"Maybe it's a fault in me; some people say it is. But I saw Irving Fryar turn it around in Philadelphia. He had a lot of problems as a young player in New England. Now he's a minister; he's a very successful guy. He has Hall of Fame numbers. I could go on and on and on."
Griese makes return
The Bucs already had four quarterbacks on the roster when they traded a sixth-round pick to Chicago for Griese one day before he was expected to be released and become a free agent. The move even surprised Griese, who couldn't understand why the Bucs released him in a salary cap move after he sustained a knee injury in 2005.
"Our quarterback play, since he left, wasn't as good as it was when he was here," Gruden said of Griese, who was 5-1 as a starter in '05. "I don't want to be negative or critical of the other guys. He was a good quarterback for us. … He knows something about our offense. I think he flourishes in it. While Jeff (Garcia) was on the mend, I think it was the right thing to do (to play him). I think Brian can play better. He's got some arm issues. But he'll be back, and we'll need him."
Griese, who has not played since suffering elbow and shoulder injuries Oct. 5 at Denver, went 3-1 as a starter despite throwing six interceptions.
Meanwhile, Garcia, who was benched after the season opener, used the time to heal from calf, ankle and finger injuries and now has a lock on the position after back-to-back victories.
"People saw (Garcia) play against Jacksonville. That wasn't him," Gruden said. "They saw him play at New Orleans. That wasn't him, either. They make a big issue about the personal thing. I can't speak for him. I love the guy. As soon as he got here, I got criticized for naming him the starter. You're going to get criticized anyway."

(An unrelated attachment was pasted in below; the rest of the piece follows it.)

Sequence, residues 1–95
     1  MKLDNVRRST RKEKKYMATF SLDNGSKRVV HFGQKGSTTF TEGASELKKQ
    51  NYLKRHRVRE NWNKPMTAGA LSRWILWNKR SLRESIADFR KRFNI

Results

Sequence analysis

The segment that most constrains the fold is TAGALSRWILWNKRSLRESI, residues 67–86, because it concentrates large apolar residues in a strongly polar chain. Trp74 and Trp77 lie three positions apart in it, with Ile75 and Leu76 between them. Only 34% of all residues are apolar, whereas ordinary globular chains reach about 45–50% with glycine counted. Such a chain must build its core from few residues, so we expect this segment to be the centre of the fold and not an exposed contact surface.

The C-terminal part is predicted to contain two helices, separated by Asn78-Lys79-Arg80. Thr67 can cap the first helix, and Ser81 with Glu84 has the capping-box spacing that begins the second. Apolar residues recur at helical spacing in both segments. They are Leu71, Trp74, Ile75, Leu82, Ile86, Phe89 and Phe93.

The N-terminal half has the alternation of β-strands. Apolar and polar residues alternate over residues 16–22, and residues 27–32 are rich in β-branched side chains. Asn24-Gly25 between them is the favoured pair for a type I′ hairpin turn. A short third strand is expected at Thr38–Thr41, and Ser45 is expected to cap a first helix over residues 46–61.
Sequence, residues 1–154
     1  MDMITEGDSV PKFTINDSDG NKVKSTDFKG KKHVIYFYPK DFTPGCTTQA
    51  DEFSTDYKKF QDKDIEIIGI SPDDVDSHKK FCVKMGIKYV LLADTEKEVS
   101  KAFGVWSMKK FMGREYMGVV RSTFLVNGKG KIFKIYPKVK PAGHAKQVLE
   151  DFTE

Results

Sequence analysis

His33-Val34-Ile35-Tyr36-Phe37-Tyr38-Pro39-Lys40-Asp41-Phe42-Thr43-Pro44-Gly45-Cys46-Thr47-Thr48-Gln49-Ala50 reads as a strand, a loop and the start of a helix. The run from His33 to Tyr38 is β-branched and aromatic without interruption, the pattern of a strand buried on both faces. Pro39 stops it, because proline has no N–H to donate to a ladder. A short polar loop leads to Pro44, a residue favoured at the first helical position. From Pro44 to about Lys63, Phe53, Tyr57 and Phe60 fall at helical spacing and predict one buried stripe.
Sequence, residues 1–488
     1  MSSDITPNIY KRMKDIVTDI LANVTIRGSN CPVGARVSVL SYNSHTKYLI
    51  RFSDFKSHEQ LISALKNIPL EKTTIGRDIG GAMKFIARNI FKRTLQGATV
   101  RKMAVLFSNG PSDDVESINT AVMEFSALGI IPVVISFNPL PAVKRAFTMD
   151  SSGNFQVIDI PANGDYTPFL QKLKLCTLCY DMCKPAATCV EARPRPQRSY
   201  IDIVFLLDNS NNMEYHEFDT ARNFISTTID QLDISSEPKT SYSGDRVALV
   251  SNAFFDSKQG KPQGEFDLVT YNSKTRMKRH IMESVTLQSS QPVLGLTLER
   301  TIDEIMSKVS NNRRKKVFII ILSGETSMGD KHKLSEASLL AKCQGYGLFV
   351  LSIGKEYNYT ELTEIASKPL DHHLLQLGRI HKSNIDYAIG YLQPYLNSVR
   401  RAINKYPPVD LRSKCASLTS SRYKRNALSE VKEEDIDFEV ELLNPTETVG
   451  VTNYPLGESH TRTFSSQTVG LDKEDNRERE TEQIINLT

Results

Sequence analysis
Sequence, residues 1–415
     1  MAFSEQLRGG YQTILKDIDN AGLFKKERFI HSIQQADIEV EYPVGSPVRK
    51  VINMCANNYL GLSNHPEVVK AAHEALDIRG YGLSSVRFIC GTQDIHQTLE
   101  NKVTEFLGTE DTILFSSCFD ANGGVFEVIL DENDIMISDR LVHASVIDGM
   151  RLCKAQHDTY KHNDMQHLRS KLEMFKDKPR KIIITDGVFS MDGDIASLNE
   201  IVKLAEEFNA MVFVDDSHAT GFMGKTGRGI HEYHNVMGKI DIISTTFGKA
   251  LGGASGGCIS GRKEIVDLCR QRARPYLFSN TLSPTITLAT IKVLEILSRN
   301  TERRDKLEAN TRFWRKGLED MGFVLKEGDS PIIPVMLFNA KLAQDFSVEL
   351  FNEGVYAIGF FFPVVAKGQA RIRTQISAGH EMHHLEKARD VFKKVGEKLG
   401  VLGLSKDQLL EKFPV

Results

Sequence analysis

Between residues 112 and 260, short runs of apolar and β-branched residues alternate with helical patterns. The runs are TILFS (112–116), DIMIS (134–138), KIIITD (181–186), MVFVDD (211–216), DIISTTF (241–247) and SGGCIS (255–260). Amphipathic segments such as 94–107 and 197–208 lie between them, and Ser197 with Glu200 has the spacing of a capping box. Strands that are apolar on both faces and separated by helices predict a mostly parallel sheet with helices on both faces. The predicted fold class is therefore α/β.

Welcome back, Dunn
At 33 and with more than 10,000 career rushing yards, Dunn might have appeared to be done.
But Gruden never wanted the former Florida State star to leave when he took over in 2002. And he had a sideline seat for the past six seasons watching Dunn play for the Falcons.
"It's good to be part of a team where you can contribute and win games," Dunn said. "Games are exciting; people are looking forward to watching you play. And you have an effect on the outcome of the game. That's good for me that late in my career — I'm able to contribute and help these guys win games. I like that aspect of it. I still think I have some value."
Salary cap concerns prevented the Bucs from retaining Dunn the first time, Gruden said. But he is glad Dunn is with the team now.
With Earnest Graham forced to play more fullback because of injuries, Dunn has rushed for 423 yards and a touchdown on 88 carries.
"Warrick became available, and I wanted to try that. I wanted to be a part of that," Gruden said. "He's got a certain fiber about him that not a lot of guys have."
Talib, the 'Wild Child'
Defensive backs coach Raheem Morris describes Talib, the Bucs' 2008 first-round pick from Kansas, as the "Wild Child."
Talib failed three drug tests while with the Jayhawks and struggled at first to become a pro shortly after being drafted by the Bucs. He was late to meetings, missed the team flight with other Tampa Bay rookies to the Hall of Fame and got into a shoving match with a teammate at the rookie symposium.
But Talib is a quick study, and surrounded by veterans such as Ronde Barber, Derrick Brooks and Kevin Carter, he quickly cleaned up his act. On the field, he has been cleaning up as well. He is tied for the NFL rookie lead with three interceptions.
"The dream is just all unfolding," Talib said. "First you come in, meet the guys and stuff. Then you come out here and start winning football games, make a couple plays and give yourself a chance to go home and play against (Cowboys receiver) Terrell Owens. So it's definitely all a dream come true."
Talib brings an energy to the field that was needed, Gruden said.
"And it's a good vibe to have in the locker room," Gruden said. "It's a confident vibe. It's a game where you need that.
"We realize he's referred to as the Wild Child by some. But he's a hell of a player."